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Top 5 Communication Skills You Need When Dealing With Difficult Buyers

So you’re struggling with a difficult buyer, and are about to bang your head on the keyboard multiple times in the hopes of getting a migraine, so you’ll have an excuse to hold off on the reply until tomorrow?

Take a deep breath… We’ve all been there!

What if you could learn the skills necessary to communicate with a difficult buyer, and go about your day without feeling like you want to go all Rambo on your computer?

A few years ago I was in this particular situation. After buying a new keyboard (I smashed the old one), I thought to myself: maybe it’s my communication skills that need some work. So I started looking for the skills I needed to allow my keyboard and other peripherals to survive these…Herculean buyers. :upside_down_face:

Here’s what I’ve learned so far - and how I implemented these skills in my daily contact with difficult buyers. .

It all starts with communication
Handling difficult buyers, and clients, in general, can be a challenge. If you master some basic communication skills (that might not be obvious to you when you’re considering smashing that keyboard), you can master even the most difficult of buyers with ease - and a smile. Since we can’t just wish the difficult buyers away, turning the situation around seems like the best option we have.

So… Start by listening carefully to what the buyer has to say. When the buyer rants off, stay calm and professional. Maybe they have a point? If you listen carefully and show your buyer that your goal in this is to solve the problem, you are demonstrating that you’re professional, and value your clients.

This means that you shouldn’t react to rude remarks, and instead explain your opinion to the buyer calmly and professionally. If you try to empathize with them as well by communicating that you understand where they’re coming from, you can turn the situation around quickly.

Always restate their issue
This is something I always do when I have to deal with a difficult client. By restating their concerns in a calm way, this shows the buyer that I have understood their problem, and that I’m taking the issue seriously.

Apologize, even if it’s not your fault

This might be the hardest part: saying “I’m sorry” to a buyer who just emptied their entire frustration-quota for the day in your chat when it’s not even your fault! But, even if their grievance isn’t justified, say “I’m sorry that you feel that way” or “I’m sorry to hear that.” This can go a long way in disarming the angry person on the other side. If you’re in the right, you can still apologize for the misunderstanding, and then offer a solution.

Don’t fight with the buyer
Whatever you do, don’t fight with your buyer! Be professional about it, and try to talk the buyer down by offering a solution and using the skills you’ve learned to work things out. Always try to tone down the buyers’ anger rather than making it worse by responding in kind.

Always treat the buyer with dignity, and ask them politely if they can explain to you how they would like the outcome to be.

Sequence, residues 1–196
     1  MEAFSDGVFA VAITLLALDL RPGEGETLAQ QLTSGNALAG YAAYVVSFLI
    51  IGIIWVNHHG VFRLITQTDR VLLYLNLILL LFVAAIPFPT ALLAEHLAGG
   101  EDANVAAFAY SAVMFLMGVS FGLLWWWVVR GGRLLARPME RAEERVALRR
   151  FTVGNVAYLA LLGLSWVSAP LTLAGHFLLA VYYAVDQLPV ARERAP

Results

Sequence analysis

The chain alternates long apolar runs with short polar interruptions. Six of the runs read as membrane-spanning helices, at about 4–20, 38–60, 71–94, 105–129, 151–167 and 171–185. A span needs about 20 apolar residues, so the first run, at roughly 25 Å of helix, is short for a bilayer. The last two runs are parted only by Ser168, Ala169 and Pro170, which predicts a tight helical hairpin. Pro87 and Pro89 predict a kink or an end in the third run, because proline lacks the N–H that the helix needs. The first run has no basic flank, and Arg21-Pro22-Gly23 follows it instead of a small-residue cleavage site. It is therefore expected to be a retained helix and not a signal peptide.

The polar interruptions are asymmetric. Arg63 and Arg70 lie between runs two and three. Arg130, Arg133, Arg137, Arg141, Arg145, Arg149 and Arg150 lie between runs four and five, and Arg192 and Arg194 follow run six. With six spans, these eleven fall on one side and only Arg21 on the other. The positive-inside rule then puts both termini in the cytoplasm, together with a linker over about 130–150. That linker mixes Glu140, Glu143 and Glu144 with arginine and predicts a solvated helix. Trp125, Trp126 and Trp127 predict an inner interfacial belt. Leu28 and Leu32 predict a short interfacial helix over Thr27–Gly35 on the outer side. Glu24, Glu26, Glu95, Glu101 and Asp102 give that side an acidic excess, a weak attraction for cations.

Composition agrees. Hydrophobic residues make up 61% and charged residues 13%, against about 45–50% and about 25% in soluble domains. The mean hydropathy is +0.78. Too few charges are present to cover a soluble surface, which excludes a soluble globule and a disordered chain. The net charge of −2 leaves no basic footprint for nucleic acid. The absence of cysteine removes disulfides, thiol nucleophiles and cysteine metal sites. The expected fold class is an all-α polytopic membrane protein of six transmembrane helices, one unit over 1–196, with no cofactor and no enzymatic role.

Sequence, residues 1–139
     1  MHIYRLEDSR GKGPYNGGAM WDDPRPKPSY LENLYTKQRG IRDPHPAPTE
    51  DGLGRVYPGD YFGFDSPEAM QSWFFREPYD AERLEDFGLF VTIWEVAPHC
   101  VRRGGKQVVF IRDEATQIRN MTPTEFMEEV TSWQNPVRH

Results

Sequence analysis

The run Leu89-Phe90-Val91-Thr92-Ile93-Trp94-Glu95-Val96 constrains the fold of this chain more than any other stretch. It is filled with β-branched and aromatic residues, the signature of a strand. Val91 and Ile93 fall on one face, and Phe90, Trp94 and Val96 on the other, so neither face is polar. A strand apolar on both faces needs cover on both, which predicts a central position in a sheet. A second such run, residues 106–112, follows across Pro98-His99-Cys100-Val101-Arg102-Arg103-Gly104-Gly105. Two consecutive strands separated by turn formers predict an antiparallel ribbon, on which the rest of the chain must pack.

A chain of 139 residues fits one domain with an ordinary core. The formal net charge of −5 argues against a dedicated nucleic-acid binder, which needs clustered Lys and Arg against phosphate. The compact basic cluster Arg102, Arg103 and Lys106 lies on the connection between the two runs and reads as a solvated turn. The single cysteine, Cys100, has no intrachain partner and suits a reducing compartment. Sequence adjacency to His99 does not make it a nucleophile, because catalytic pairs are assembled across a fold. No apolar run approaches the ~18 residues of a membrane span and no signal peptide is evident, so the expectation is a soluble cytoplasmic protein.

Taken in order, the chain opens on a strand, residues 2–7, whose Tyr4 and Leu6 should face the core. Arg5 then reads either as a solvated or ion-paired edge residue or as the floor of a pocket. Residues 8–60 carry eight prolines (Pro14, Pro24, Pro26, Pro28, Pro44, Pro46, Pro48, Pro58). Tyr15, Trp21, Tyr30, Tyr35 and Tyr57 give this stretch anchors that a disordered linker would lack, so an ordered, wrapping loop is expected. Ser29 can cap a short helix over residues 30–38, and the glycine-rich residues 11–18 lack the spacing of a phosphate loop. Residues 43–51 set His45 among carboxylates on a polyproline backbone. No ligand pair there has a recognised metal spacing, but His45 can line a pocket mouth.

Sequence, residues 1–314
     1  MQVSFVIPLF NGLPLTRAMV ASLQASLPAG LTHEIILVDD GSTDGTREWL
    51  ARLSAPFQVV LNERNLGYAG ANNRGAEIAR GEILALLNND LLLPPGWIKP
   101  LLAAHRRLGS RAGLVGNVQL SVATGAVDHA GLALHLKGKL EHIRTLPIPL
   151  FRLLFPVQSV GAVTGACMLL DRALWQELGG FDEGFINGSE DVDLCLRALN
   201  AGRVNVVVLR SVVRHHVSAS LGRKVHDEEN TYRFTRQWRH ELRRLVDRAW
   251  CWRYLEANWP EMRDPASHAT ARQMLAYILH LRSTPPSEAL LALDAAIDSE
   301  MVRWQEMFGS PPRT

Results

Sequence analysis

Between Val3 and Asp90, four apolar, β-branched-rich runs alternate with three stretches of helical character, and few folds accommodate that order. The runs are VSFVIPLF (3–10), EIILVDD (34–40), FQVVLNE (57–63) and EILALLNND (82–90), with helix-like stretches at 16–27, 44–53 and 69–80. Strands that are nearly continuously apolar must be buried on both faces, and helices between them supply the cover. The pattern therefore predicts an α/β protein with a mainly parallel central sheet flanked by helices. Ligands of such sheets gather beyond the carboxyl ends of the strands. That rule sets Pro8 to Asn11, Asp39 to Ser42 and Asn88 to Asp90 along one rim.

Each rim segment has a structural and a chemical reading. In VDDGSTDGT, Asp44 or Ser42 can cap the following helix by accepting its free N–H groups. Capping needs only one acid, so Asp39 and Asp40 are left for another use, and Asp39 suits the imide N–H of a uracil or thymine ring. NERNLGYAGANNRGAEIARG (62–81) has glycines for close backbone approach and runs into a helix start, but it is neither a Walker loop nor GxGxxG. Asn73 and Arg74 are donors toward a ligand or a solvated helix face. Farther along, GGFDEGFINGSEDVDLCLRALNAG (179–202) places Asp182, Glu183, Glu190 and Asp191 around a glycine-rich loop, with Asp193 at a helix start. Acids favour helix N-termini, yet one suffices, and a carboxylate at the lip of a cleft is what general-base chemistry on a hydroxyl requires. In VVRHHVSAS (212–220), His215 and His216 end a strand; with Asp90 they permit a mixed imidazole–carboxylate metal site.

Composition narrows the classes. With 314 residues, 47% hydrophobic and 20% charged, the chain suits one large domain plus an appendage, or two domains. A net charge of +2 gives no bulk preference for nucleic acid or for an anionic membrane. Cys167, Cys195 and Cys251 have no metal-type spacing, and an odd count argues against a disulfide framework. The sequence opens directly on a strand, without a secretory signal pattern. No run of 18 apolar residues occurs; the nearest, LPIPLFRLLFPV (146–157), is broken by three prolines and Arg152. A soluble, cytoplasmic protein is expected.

Follow up
After you’ve (hopefully) solved the buyers’ problem, always follow up by making sure the buyer is happy this time around. This might turn that angry customer into repeat business! One of my best clients started as a frustrated one because of a miscommunication, and we have a great working relationship to this day, thanks in part to what I’ve learned over the years when it comes to communicating in this sort of situation.

Are you saying I should just sit there and take abuse from the buyer?!

No - of course not! What you should do is to maintain your professional exterior, while handling the situation in a manner that might land you more business in the future, and can potentially avoid a negative review or cancellation.

If you become the victim of serious harassment and inflammatory language from a buyer (or seller), you should resolve the matter through customer support, or by blocking the individual.

Being great at communication, and being able to calm down the situation, isn’t the same as accepting abuse.


Here is an example that can give you a better idea of how to implement these skills in your communication.

Mike (buyer): This logo is useless to us!! How do you expect me to use a logo with this ugly color? It looks like ***. You claimed to be a professional designer but this looks like something a 4-year-old would do!

Jenny (seller): Hi Mike. I’m so sorry to hear that you’re not satisfied with the logo design proposal I made for you. I understand that you’re not happy about the colors I’ve picked for your logo, and you want to change it. I would be very happy to fix this for you right away - however, I do need some more information to solve the problem in the best possible way.
Can you please explain in a bit more detail how you want the logo to turn out? Perhaps you could provide me with some color examples I can work with? Then I’m sure we can work together and create the perfect result for you.
All the best,

I’m terrible at examples, but you get a general idea. The buyer was certainly not on his best manners in that example, but by answering politely, empathizing with the buyer, and offering to resolve the issue, the situation might have been turned around right then and there.

But, what if the buyer is extremely rude, using curse words, or calling you names? That’s a different ball game.

Then, I would start the conversation similar to the above, but right after the apology, state something like:

I’m sorry you feel that way, and I want to solve your problem in the best possible manner. However, to make this happen, I have to ask you to refrain from using inflammatory language and calling me names. I’m a human being, who can make mistakes like everyone else, but I do not accept name-calling or bad language. I hope you understand - and that we can work together to solve this as soon as possible.